|Pilot 2nd Lt. Joseph Finkenstein, O-730433 (MIA / KIA) Los Angeles, CA
MIA February 14, 1943 "Saint Valentines Day Massacre"
Built by Lockheed Aircraft Corporation (LAC) in Burbank, California. Delivered to the U. S. Army serial number unknown. Likely, this aircraft was a P-38G. Disassembled and shipped overseas to Australia and reassembled.
Assigned to the 13th Air Force, 347th Fighter Group, 339th Fighter Squadron. No known nose art or nickname.
On February 14, 1943 one of ten P-38s that took off from Fighter 2 (Kukum) on Guadalcanal with twelve F4U Corsairs from VMF-124 on a mission to escort nine PB4Y-1 Liberators bombing enemy shipping off southern Bougainville in the Buin-Shortland area.
Over the target, the formation was intercepted by roughly 30 A6M Zeros and 15 A6M2-N Rufe floatplanes from Shortland.
Engaged in combat from 10:00 - 13:00 local. Failed to return, possibly a mid-air collision (with P-38G piloted by White) in the vicinity of Shortland.
Due to the severe American losses, this mission became known as the "Saint Valentines Day Massacre".
Finkenstein was officially declared dead on December 15, 1945. He is memorialized on the tablets of the missing at Manila American Cemetery. Finkenstein earned the Air Medal. Posthumously, he earned the Purple Heart and was promoted to 1st Lieutenant.
Missing Air Crew Report 585 (MACR 585)
American Battle Monuments Commission (ABMC) - Joseph Finkenstein
1LT Joseph Finkenstein (tablets of the missing photo)
Guadalcanal and the Origins of the 13th Air Force page 182, 240 [PDF] via Wayback Machine May 20, 2006
(Page 182) "Next day [February 14, 1943] the Liberators tried again. Nine more went up to Buin, accompanied this time by 10 P-38's and 12 of the Marine's new F4U's. Again the Jap sent up 45 fighters to intercept, and again the cost was heavy. One B-24 [PB4Y-1] was shot down in a head-on attack, another crash landed off New Georgia; two of the Corsairs went down, while the 339th Fighter Squadron, on one of its blackest days, lost 4 of its P-38's. Bombers and escorts had shot down [claimed] 12 Zeros and the B-24s sank a large cargo vessel 2 miles off Kahili, but the price was too high. [Footnote 17] It was immediately apparent that operations of this type could not long be sustained. Consequently on 14 February daylight attacks on the Buin area were discontinued until more adequate fighter cover could be provided. [Footnote 18]"
(Page 240) "Footnote 17. Ibid. War Diary, MAW-2, 14 Feb. 1943; History of the 339th Fighter Squadron (TE). One of the P-38 pilots, Lt. John R. Mulvey, was rescued the following day.
Footnote 18. War Diary, MAW-2, 14 Feb. 1943; incl. (War Diary MAG-12), "Record of Events, Fighter Command, Guadalcanal, February 1, 1943 to July 25, 1943," in USMC Hist. Div. files."
History of Marine Corps Aviation in World War II page 135
"On 14 February, their third day in the combat area, the F4U pilots learned that Japanese flyers had not lost their skill or aggressiveness. About 50 well-alerted Zeros were waiting from the raid on Kahili Field in southern Bougainville. The Japanese shot down two F4U's, two Navy PB4Y's, two P-40's and the entire top cover of four P-38's, with a loss to themselves of only three Zeros, [sic only one was lost], one of which collided with a F4U. This 'Saint Valentine's Day massacre' was a painful blow to the Guadalcanal-based flyers of all services."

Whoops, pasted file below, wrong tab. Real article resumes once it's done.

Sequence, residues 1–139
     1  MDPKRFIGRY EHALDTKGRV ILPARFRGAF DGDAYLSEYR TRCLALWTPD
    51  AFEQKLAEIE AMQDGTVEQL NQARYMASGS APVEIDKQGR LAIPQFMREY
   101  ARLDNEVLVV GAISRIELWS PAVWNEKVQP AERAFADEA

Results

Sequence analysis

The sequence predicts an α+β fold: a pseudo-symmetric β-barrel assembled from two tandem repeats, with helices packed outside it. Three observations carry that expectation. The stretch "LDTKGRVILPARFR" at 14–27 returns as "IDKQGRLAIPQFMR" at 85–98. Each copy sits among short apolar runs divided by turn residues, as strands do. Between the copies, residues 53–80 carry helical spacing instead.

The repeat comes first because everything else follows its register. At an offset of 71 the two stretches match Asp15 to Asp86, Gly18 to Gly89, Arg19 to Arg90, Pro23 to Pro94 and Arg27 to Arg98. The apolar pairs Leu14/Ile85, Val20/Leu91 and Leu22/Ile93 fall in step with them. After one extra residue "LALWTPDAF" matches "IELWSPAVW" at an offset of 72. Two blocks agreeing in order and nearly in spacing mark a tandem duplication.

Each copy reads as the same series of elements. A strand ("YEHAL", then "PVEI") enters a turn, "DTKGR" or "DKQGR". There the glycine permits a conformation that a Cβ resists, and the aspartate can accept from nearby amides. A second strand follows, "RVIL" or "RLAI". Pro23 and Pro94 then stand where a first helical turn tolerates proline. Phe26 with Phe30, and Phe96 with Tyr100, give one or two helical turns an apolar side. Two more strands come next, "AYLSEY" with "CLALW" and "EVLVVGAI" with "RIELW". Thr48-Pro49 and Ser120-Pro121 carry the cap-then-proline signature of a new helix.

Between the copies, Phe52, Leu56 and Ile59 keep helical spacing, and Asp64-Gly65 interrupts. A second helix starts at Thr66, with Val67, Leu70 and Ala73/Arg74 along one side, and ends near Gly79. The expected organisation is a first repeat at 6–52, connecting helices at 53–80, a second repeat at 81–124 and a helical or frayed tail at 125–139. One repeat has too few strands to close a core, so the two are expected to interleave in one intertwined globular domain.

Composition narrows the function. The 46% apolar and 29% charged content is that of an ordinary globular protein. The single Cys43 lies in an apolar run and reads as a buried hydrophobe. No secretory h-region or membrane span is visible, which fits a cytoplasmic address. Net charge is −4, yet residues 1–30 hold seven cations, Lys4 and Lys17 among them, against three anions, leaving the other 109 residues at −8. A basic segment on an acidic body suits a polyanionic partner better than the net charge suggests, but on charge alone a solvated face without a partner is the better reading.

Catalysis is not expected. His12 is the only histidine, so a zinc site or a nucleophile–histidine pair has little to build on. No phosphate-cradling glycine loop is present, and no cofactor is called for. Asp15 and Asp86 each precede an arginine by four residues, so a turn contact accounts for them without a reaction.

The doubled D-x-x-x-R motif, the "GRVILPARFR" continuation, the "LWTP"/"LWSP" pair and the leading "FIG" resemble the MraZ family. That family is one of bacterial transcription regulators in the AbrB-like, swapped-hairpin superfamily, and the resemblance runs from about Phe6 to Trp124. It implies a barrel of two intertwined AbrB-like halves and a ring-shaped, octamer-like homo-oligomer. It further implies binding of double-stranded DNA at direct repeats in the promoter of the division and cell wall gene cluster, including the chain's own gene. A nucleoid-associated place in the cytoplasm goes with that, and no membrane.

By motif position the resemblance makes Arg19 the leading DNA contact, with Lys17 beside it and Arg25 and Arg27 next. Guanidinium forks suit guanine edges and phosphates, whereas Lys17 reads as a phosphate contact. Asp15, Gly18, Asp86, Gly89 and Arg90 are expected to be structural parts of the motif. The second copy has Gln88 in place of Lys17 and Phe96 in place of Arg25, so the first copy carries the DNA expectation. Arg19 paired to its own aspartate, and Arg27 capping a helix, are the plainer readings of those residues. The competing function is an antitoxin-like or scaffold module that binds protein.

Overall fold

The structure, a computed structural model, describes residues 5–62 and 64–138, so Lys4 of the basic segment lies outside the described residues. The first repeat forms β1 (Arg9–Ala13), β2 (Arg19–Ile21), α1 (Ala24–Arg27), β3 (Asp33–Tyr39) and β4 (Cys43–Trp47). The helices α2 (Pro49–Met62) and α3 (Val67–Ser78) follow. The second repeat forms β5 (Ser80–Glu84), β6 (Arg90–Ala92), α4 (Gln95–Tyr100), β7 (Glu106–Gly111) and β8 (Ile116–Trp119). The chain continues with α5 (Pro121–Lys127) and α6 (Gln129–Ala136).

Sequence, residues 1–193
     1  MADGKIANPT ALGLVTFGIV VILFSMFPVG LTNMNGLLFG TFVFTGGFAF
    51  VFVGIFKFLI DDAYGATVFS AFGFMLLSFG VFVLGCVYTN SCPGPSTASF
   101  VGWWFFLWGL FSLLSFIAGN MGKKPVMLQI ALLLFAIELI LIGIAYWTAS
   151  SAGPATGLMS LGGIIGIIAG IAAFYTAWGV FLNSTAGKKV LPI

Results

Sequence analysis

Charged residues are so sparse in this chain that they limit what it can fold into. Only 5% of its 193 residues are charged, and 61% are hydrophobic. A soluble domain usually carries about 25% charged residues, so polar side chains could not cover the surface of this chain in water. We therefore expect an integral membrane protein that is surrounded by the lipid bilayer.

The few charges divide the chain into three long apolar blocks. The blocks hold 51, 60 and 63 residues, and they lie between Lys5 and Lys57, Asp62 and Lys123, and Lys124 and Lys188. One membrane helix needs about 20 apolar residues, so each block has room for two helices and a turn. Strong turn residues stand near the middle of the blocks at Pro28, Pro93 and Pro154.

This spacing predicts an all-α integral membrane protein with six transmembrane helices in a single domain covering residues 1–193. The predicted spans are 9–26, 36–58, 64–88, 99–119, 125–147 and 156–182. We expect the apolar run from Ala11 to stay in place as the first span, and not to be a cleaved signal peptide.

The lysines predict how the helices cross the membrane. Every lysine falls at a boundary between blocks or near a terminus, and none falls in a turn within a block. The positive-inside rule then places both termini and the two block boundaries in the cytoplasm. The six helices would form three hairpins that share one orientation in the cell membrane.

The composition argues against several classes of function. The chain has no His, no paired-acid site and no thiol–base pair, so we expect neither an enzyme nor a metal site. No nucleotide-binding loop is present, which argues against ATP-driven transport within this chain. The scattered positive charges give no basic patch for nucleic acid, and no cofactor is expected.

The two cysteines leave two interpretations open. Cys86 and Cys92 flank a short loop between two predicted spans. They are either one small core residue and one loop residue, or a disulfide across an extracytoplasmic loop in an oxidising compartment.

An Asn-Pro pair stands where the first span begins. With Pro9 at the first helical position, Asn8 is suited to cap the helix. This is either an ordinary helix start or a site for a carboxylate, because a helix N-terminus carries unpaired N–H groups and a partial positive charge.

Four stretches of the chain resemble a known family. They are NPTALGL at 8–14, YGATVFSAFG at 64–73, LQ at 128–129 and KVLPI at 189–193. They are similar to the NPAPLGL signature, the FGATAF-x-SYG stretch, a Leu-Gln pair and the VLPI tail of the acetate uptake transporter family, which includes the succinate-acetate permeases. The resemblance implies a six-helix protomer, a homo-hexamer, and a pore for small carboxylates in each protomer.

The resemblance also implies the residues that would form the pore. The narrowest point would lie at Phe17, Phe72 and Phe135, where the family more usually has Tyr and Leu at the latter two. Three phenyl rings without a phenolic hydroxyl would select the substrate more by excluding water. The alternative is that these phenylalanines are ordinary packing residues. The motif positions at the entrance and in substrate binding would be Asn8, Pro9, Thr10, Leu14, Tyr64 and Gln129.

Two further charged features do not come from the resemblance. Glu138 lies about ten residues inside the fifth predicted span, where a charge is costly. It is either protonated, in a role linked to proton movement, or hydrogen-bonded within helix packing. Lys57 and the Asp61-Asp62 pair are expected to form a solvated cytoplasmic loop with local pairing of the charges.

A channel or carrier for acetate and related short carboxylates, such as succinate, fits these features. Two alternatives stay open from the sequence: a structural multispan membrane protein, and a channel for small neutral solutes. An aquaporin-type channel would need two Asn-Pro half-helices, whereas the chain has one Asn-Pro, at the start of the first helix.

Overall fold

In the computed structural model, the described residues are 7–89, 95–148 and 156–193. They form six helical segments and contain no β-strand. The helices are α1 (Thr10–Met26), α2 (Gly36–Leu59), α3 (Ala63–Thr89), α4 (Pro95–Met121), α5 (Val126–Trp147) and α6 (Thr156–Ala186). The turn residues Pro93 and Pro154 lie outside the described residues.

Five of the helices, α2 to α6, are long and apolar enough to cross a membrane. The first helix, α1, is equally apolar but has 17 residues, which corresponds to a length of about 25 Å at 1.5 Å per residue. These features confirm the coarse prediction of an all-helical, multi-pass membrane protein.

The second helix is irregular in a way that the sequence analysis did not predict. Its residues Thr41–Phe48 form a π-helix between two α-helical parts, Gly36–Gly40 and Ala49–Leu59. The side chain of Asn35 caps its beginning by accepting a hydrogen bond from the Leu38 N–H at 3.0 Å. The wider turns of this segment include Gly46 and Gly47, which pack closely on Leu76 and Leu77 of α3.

13th Fighter Command In World War II page 118
"Despite the losses of the previous day, on the 14th nine PB4Ys escorted by ten P-38s of the 339FS flying high cover, and 12 F4Us of VMF-124 flying close cover, again attacked the shipping off Shortlands-Buin. The bombers got several hits on a cargo ship and several near misses on two others. s they turned home 30 Zero s from Kahili supported by 15 float planes came up and attacked the Americans. A PB4Y was hit in the cockpit and crashed into the sea off Shortland. Another bomber was hit by AA fire and struggled as far as 12 miles off New Georgia before it had to ditch. The top cover P-38s were divided in two three-plane sections and four-plane flight when the Zeros attacked. Capt. James Geyer, leading the four-plane flight, shot down [claimed] two Zeros and a probable, and 1Lt. William Griffith of his flight splashed another and claimed a probable. Geyer's flight lost two P-38s, and two more P-38s were lost from the three plane sections. Geyer's flight lost two P-38s, and two more P-38s were lost from the three plane sections. Four 339FS pilots were lost: Joseph Frinkenstein [Finkenstein]; Wellman Huey; John Mulvey; and Donald White. Mulvey ditched and was rescued near Russell Island the next day. A post-war Japanese book described that Huey had bailed out of his P-38 and landed on a Japanese airfield and was severely beaten, probably to death. The Marine Corsairs claimed three Zeros and a Pete [sic] and lost two of their own, one to a mid-air collision with a Zero. The PB4Y gunners claimed nine Zeros - a very questionable number, as the Japanese records for the day show only three Zeros lost. The totals for the day were a cargo ship sunk, five (or three) Zeros (plus the nine claimed by the PB4Y gunners!), and a Pet on the Japanese side. The Americans lost two two PB4Ys, four P-38s, and two F4Us, and the mission was referred to as the 'St. Valentine's Day Massacre.' Losses of this magnitude could not be sustained for small-scale daylight attacks, and all daylight missions on the Buin area were discontinued until improved fighter escort could be provided. Daylight raids on major Japanese bases were discontinued and night attacks resumed. That day six 12FS pilots were given a respite from combat when they rotated to Fiji for R&R."
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September 25, 2018